The Power Of Two: How Pairs Drive Innovation

Common wisdom tells us that two minds are better than one but evolving research into creativity and innovation is starting to reveal that two – no more and no less – might just be the magic number when it comes to reaching new creative heights.

Many of the conclusions being drawn from this research might seem like common sense to some but analysis of the dynamics between famous (and less famous) creative duos is compelling enough that it is beginning to challenge the notion of the singular, individual genius.

When it comes to #innovation and #creativity, two minds might be better than any other number. Click To Tweet

The power of two innovative minds

Joshua Wolf Shenk does the hard yards of this research in his book Powers of Two: Finding the Essence of Innovation in Creative Pairs. A central focus of his report is the partnership of John Lennon and Paul McCartney. Their relationship was what Shenk calls a “liquid and the container” dynamic, with the unorganized free-spirit of Lennon being the liquid and McCartney – ever the structured and diplomatic one – the container.

He describes two other duo dynamics: “the star and the director” and “the dreamer and the doer”. In a star and director relationship one partner will be in the limelight and receive much of the credit – as a movie star does – while the director is happy to sit back and orchestrate their performance. Meanwhile, in a dreamer and doer dynamic one partner is the “ideas man/woman” while the other turns their dreams into something real.

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Shenk also points out that the partners need not work in the same space or even in cooperation. Many of the most famous duos he examined were actually fierce competitors, such as Andre Agassi and Pete Sampras. Both were incredible tennis players in their own right but their frequent showdowns on the court drove each of them to push their own abilities even further. A similar relationship can be observed in tennis today with the rivalry between Roger Federer and Novak Djokovic.

The collaborative power of two

Of course, it’s more straightforward to examine the impact of a partnership when the duo are working together toward a common goal. Michael P. Farrell – author of Collaborative Circles: Friendship Dynamics and Creative Work – discovered that such teamwork fosters constructive criticism (John Lennon famously remarked that if he couldn’t fight with his best friend [McCartney], who could he fight with?) and a “safe” environment – free of judgement – in which raw ideas can be suggested and explored.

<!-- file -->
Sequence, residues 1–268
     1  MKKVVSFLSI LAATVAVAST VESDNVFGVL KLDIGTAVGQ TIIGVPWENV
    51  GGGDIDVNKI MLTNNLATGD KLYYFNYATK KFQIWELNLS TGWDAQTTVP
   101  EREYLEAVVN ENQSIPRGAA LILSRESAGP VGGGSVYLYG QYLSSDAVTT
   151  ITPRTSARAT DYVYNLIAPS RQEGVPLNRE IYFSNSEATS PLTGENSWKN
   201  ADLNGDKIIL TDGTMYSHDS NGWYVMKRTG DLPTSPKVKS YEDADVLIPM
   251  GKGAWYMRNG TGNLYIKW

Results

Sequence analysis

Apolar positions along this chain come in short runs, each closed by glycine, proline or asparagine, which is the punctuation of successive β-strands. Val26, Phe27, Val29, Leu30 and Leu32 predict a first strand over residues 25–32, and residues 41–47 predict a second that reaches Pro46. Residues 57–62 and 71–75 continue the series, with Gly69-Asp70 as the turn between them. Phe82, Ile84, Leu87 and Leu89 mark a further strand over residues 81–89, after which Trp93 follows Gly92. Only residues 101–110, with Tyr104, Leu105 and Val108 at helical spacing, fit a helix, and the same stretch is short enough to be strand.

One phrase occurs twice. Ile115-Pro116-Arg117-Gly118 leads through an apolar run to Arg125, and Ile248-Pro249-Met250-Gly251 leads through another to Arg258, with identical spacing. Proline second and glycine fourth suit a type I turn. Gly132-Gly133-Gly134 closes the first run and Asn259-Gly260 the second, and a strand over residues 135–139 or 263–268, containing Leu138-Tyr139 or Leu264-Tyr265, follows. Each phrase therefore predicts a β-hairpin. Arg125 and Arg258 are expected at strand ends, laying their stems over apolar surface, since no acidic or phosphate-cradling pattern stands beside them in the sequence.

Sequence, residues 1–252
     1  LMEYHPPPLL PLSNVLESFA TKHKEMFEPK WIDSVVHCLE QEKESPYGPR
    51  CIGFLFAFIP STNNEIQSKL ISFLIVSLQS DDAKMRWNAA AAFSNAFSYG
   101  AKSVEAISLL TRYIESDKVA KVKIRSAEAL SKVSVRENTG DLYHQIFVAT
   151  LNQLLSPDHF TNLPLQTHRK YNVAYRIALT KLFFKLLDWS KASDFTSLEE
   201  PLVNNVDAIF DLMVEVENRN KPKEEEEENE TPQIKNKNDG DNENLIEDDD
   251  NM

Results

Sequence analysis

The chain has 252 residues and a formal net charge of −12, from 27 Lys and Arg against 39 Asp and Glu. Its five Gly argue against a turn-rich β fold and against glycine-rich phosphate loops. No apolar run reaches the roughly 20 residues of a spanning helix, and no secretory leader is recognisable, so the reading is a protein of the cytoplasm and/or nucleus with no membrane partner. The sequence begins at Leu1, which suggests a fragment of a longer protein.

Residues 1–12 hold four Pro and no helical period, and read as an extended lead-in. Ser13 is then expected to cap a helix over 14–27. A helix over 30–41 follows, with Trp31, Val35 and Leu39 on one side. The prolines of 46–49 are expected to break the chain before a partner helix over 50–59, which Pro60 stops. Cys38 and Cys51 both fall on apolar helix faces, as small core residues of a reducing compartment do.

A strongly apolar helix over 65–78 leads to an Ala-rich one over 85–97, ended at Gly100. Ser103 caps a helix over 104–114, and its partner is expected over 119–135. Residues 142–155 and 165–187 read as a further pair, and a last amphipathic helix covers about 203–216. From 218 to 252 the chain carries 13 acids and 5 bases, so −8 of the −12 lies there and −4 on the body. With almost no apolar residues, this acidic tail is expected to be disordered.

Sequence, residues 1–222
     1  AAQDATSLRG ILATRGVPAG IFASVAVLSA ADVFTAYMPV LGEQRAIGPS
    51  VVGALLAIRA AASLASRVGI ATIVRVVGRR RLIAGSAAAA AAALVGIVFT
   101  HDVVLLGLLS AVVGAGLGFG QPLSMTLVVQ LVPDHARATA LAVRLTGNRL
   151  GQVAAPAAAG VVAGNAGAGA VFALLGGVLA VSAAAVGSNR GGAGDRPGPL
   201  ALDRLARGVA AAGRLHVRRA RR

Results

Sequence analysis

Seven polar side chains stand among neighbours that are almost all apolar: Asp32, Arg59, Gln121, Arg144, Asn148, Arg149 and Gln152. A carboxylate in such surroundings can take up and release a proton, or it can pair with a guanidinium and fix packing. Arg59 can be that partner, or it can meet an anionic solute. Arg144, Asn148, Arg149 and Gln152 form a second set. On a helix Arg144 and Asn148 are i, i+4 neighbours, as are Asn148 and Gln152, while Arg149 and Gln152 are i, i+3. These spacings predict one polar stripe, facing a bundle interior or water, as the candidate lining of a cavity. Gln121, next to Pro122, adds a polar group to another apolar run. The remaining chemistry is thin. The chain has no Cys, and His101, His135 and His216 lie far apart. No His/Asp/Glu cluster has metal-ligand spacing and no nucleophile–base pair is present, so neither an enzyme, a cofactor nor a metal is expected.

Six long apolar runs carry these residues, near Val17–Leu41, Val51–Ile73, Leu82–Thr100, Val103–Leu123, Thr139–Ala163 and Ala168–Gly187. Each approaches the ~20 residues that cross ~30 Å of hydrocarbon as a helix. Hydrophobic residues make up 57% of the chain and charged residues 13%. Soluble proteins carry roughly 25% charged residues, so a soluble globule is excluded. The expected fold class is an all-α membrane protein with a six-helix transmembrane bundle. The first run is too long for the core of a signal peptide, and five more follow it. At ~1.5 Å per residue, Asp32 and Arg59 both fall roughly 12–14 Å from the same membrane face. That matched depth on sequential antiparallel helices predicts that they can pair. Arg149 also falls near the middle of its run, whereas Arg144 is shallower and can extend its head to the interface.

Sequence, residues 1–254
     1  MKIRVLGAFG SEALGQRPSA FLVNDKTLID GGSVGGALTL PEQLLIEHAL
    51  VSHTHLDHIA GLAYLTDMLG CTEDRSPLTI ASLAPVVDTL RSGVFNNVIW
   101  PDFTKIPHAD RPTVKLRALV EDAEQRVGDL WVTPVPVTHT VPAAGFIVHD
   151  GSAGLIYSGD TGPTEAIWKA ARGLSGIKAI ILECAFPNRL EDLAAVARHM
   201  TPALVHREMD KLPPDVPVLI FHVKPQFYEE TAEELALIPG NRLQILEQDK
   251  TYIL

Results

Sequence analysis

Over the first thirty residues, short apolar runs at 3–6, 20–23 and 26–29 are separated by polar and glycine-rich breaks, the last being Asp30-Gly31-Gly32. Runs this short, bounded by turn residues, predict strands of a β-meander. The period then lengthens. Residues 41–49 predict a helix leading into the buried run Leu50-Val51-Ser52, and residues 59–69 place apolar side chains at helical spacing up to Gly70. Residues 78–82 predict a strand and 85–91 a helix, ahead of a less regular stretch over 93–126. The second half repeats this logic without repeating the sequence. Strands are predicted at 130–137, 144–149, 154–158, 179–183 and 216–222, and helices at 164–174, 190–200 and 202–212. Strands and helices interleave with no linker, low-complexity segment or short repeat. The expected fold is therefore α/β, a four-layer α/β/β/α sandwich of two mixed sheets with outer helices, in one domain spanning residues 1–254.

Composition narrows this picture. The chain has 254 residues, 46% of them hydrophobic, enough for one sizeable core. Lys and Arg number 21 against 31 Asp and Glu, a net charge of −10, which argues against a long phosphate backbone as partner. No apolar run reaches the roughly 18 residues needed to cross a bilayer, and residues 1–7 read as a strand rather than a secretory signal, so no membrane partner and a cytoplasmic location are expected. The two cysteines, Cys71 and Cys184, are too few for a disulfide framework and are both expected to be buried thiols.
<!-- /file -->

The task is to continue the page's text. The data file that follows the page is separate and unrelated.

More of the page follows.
Farrell points out that exploration of new art forms was typically undertaken by duos. He points to Monet and Bazille, and Tolkien and Lewis as prime examples.

As we previously explored in our post on the collaboration between Orville and Wilbur Wright, it is the differences between partners – and the resulting tension – that creates the spark of creative innovation. Lennon and McCartney had starkly different personalities – Shenk calls it the difference between “order” and “disorder” – but this allowed them to augment the other’s songs or lyrics with elements that wouldn’t have occurred to the other. It could be argued that these changes were what lifted their music from “good” to “legendary”.

Capture the power of two

Between this exploration of the power of two and our framing of a collaborative process for innovation, it’s becoming easy to see that the myth of the lone genius is no more than a myth. Collaboration is clearly the path to truly imaginative breakthroughs. John and Paul themselves would are quick to point out that they get by with a little help from their friends.

Blrt was designed to help you and your partner (or partners!) collaborate and innovate on the fly. Get started changing the world:

About Blrt

Blrt helps you get your point across quickly by allowing you to talk, point and draw over images, documents and websites. The resulting video-like recording is called a Blrt.

Your Blrts require much less bandwidth than video and can be shared with anyone on mobile or desktop. This makes Blrt ideal for both collaboration and the creation and sharing of dynamic content, as public Blrts can be embedded into any webpage.

Once recorded, Blrts are stored in the cloud and are exchanged with others in a conversation-like fashion. A record is kept of the exchange, and new parties and media can be added at any time.

Blrt shifts time and place, allowing users in a conversation to participate in their own time. In an era where activity-based working and distributed teams are commonplace, Blrt is revolutionising the way people interact to get things done.

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